“It is perfectly proper to have a debate that says, ‘do I want some guy from London coming up to cover Scottish politics?’. On one level, the referendum was a decision for those who live in Scotland.

“On the other hand, this was a decision with a huge consequence for the whole of the UK, and the licence fee is paid by people from throughout the UK, and it was right that the political editor, the economics editor, the business editor, should all go to cover the most important story of the year, if not for many years, and should report on it in the way they would report on any other story.”

Robinson describes accusations that he reheated old allegations and simply doesn’t get Scottish politics as “absolute nonsense”, saying his job as political editor brings a responsibility to ask the big questions.

He also refutes that media coverage of the referendum had a direct impact on the outcome. “Why the referendum was lost [by the Yes campaign] was because, as in any choice around change, those who were advocating change were not able reassure people that it was a risk worth taking,” he says. “Fear wasn’t created by ‘metropolitan journalists’ coming up to Scotland. The fear had been there for decades.”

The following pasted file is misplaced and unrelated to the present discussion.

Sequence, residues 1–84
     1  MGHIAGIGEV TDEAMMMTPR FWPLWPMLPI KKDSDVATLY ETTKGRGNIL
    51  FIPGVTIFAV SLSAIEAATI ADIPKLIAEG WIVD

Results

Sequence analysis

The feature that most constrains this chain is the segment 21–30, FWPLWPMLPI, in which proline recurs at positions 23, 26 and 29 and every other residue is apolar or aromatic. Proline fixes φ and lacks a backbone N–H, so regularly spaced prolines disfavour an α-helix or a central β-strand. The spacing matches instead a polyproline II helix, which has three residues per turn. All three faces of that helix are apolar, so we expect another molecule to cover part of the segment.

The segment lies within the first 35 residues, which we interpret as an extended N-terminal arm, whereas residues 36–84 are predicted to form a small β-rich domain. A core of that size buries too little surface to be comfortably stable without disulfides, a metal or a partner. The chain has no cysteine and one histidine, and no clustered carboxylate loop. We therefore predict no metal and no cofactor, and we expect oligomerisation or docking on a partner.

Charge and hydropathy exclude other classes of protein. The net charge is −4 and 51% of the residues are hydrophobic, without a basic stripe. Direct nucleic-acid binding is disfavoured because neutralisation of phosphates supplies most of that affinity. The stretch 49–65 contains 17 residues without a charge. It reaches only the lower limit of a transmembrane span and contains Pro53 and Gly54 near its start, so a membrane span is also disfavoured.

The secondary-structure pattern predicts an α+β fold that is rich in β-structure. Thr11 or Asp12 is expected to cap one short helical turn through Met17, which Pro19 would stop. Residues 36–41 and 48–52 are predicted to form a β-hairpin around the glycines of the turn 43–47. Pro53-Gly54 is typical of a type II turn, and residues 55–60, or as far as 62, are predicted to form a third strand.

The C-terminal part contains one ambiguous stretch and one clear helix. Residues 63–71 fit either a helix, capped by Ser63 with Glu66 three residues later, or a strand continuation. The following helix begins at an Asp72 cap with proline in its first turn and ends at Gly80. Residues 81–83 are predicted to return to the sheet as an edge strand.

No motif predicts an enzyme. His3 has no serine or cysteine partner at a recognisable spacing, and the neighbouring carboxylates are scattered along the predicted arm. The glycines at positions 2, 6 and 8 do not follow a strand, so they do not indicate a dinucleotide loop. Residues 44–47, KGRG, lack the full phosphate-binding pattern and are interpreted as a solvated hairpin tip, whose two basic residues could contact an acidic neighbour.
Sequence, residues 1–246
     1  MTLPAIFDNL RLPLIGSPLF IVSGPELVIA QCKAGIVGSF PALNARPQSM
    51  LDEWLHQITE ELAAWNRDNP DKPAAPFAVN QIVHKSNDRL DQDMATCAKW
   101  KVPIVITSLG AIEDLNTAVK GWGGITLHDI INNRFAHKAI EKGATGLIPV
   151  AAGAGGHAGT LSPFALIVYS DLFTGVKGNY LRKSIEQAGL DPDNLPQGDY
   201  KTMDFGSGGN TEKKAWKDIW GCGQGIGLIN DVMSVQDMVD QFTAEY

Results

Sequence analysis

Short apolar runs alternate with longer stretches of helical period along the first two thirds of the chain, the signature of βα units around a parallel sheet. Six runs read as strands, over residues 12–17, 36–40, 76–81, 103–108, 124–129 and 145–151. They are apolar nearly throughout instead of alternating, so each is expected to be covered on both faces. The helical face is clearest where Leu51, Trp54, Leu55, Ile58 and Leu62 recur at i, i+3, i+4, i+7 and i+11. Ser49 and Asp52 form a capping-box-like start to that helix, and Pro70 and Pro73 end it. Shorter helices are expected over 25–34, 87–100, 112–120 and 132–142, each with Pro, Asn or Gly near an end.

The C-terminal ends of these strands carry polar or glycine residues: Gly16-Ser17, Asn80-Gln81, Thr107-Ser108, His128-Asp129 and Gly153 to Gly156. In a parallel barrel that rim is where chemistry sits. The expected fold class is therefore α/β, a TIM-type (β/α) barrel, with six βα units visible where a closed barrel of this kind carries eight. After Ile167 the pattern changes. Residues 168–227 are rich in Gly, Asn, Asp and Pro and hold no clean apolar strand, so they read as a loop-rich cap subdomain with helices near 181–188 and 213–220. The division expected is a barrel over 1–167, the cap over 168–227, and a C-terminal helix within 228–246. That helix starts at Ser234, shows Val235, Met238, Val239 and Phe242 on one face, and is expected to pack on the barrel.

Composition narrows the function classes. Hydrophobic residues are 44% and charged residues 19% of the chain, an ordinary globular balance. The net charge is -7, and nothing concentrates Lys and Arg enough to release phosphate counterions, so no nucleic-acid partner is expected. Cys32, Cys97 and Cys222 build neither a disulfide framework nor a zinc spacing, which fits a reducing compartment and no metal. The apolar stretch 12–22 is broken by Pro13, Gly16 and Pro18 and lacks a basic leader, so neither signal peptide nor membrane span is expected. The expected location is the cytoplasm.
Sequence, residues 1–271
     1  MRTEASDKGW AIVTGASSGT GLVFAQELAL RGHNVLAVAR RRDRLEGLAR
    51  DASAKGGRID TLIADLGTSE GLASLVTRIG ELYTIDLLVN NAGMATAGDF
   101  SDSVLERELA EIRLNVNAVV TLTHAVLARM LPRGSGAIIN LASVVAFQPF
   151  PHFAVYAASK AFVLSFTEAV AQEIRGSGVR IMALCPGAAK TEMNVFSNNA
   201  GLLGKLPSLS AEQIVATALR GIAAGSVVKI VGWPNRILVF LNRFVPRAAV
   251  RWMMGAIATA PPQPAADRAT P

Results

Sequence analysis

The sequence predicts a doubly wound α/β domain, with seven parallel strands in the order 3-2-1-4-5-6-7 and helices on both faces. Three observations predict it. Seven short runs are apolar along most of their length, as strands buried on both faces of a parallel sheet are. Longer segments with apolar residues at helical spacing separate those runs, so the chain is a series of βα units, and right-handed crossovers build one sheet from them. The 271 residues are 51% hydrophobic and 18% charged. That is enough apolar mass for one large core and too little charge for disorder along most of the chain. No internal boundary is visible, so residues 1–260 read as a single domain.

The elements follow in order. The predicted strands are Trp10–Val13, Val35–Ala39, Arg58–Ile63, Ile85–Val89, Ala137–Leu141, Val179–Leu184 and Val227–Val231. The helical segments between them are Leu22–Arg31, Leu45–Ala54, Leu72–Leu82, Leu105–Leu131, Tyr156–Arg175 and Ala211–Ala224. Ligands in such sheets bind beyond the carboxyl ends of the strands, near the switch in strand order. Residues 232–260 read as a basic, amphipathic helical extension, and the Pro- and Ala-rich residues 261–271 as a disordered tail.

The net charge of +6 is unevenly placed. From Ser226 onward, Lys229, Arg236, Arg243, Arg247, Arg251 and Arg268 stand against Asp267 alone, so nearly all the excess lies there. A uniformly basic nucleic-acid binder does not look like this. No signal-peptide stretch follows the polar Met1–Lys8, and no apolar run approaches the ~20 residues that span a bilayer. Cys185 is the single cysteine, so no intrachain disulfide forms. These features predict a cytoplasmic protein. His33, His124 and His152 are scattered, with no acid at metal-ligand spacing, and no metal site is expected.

Another referendum is “likely” he suggests, though he argues the possibility presents a complex “risk calculation” for Ms Sturgeon.

After 45 minutes of full-on discussion, Robinson’s voice is starting to tire. We move upstairs to the sitting room where the photographer has set up his equipment. The hallways of the three-storey property - the sort of classic north London terraced house that 20 years ago would have been lived in by teachers or civil servants, but in the current market wouldn't give you much change out of two million – are covered in photographs of the Robinson children and their parents through the years.